Debra Messing, Stephen Fry, Alyssa Milano, Mark Ruffalo, Arjun Gupta, Lilly Wachowski, Neil Gaiman, Kathleen Hanna, Amanda Palmer, Zoe Keating, and more have signed an open letter insisting countless lives must come before intellectual property rights.
In a scathing open letter, 275+ celebrities and artists across the spectrum of the arts are speaking up to support the sharing of lifesaving COVID-19 medical technology such as vaccines, ventilators, and tests with countries around the world. These signatures come amid the global spread of the Omnicron variant, and in addition to a delivery of 3 million petition signatures collected by 130 human rights groups, as well as a call from nurses unions in 28 countries to end what many have declared ‘vaccine apartheid’.
Various profit-motivated lobbying blitzes from pharmaceutical companies and the intellectual property hawks allied with them have stalled the ability of wealthy countries to act in their own best interests by vaccinating and treating the most vulnerable to ward off mutations that could lead to new, more deadly variants.
Amid the arguments against sharing essential technologies to fight the pandemic and save lives, lobbyists for major creative industries offer a flimsy assertion that avoiding devastating new virus variants would damage creators’ intellectual property rights. Over 275 artists & celebrities have now signed on to clearly and firmly reject this assertion.
Signatories include actors Debra Messing, Stephen Fry, Alyssa Milano, Mark Ruffalo, and Arjun Gupta; directors Lilly Wachowski and David Wain; Authors Neil Gaiman and Courtney Milan, as well as musicians Amanda Palmer and Zoe Keating. The letter is still accepting signatures at NoCovidInOurName.com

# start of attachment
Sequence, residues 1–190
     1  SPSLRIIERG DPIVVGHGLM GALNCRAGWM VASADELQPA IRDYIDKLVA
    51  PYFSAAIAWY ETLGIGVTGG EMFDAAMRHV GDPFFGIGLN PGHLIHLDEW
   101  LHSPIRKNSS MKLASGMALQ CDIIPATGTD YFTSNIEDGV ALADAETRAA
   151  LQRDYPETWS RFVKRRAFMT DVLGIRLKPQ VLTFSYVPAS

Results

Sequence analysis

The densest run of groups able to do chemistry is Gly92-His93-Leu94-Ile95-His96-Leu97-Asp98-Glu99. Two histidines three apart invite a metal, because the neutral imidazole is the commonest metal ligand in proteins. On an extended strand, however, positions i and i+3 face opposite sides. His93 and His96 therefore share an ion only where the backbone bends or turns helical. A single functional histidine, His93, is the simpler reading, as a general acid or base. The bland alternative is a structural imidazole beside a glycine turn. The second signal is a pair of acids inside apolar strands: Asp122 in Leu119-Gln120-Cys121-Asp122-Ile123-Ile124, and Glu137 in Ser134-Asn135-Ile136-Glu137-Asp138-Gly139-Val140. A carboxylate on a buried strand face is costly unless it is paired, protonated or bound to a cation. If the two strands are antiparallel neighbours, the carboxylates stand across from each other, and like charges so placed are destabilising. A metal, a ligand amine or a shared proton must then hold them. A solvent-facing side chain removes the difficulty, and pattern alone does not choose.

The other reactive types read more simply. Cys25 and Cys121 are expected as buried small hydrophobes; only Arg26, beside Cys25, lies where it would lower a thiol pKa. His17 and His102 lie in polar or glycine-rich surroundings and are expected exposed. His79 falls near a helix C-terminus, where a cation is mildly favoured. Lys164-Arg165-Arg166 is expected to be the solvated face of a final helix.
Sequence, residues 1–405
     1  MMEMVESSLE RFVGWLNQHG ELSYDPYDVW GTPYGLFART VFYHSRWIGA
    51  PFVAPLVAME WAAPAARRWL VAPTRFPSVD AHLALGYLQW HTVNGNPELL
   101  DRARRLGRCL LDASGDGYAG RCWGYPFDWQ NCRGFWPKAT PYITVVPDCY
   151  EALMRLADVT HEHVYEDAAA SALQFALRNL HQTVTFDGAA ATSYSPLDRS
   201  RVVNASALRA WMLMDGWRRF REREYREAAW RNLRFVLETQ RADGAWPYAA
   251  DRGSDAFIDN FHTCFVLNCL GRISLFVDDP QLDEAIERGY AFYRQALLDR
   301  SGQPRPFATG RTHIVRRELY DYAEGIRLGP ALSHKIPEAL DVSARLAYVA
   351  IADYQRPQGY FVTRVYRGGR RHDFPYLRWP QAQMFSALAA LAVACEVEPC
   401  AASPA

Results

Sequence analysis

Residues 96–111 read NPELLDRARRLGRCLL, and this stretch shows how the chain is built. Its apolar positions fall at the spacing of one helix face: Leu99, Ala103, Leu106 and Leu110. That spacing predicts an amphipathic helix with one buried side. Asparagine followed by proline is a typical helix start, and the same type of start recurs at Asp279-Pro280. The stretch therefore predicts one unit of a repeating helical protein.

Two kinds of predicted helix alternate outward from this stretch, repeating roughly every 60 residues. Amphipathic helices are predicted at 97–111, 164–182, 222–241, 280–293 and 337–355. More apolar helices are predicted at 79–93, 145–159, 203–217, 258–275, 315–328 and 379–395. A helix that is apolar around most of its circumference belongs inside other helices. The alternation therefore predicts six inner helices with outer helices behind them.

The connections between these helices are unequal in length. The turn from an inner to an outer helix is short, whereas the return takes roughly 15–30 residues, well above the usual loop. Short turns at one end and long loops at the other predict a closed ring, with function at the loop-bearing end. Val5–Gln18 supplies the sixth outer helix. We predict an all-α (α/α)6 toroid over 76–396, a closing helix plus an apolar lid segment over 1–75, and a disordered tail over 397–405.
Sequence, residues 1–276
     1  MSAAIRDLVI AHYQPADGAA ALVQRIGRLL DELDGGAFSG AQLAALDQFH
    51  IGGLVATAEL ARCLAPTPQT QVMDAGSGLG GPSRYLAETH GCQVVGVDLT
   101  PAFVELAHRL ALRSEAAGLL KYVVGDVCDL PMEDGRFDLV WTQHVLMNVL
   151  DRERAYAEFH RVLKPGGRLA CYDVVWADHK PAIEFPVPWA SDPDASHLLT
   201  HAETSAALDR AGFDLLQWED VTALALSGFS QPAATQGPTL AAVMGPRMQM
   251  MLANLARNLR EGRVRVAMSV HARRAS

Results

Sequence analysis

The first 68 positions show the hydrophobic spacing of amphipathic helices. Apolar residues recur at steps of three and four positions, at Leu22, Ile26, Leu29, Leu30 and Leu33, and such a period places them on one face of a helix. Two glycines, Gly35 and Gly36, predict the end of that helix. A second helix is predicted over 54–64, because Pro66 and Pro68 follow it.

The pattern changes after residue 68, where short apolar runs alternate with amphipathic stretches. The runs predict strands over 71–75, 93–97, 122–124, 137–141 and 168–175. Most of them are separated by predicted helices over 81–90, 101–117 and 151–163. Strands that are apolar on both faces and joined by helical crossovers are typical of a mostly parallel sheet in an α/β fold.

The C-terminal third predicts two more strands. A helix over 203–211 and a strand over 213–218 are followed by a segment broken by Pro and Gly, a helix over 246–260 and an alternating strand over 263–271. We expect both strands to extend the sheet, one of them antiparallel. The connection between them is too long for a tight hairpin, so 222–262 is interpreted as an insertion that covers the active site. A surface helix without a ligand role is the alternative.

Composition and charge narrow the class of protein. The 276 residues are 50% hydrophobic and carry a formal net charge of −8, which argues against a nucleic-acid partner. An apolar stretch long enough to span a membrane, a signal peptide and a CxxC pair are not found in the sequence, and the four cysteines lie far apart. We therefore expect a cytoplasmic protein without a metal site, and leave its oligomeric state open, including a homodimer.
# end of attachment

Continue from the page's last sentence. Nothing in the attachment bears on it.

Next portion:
“Sharing life saving technology will not harm musicians, actors, writers, or other creative professionals. In fact, it will save many of us who live in countries throughout the world, while also allowing us to once again travel, perform, and share our creative work with the world. It is absurd that some of the associations that claim to represent creators’ interests are instead fighting for big pharma,” the letter reads.
“Lives are at stake,” said author Neil Gaiman, a Newbery and Carnegie Medal recipient. “There are no profits that make up for losing our loved ones.”
“A global pandemic that happens every 100 years is not a time for business as usual,” said Emmy-award winning actress Debra Messing. “The death toll, to date, is beyond catastrophic. We have a moral obligation to make saving lives the primary, the only, consideration.”
“Whether it is because you believe in sharing the fruits of science and prosperity with all the human family around the world, or whether it is because you are fearful that the virus’s continued proliferation daily increases its opportunity to mutate into more and more efficient variants, it is surely clear that now is the time for our vaccines and bio-technology to be made available to all nations,” said actor Stephen Fry, known for his many roles in celebrated films such as Gosford Park and V for Vendetta.
New York Times bestselling author Courtney Milan addressed the intellectual property concerns directly: “All IP regimes depend on cooperation and buy-in from every stakeholder. IP rights are strengthened by recognition that we must view them in the light that is compatible with saving lives during crisis.”
“It’s extremely disturbing to see organizations that purport to represent the interests of creators acting in such stark opposition to the health, safety, and business interests of the entertainment and creative industries,” concluded Lia Holland, Campaigns and Communications Director at Fight for the Future, one of the organizations that helped organize the letter. “While pharmaceutical companies stand to profit from desperation-fueled pricing the longer the pandemic stretches, creators can only lose in a world where we can’t gather to enjoy and celebrate their art.”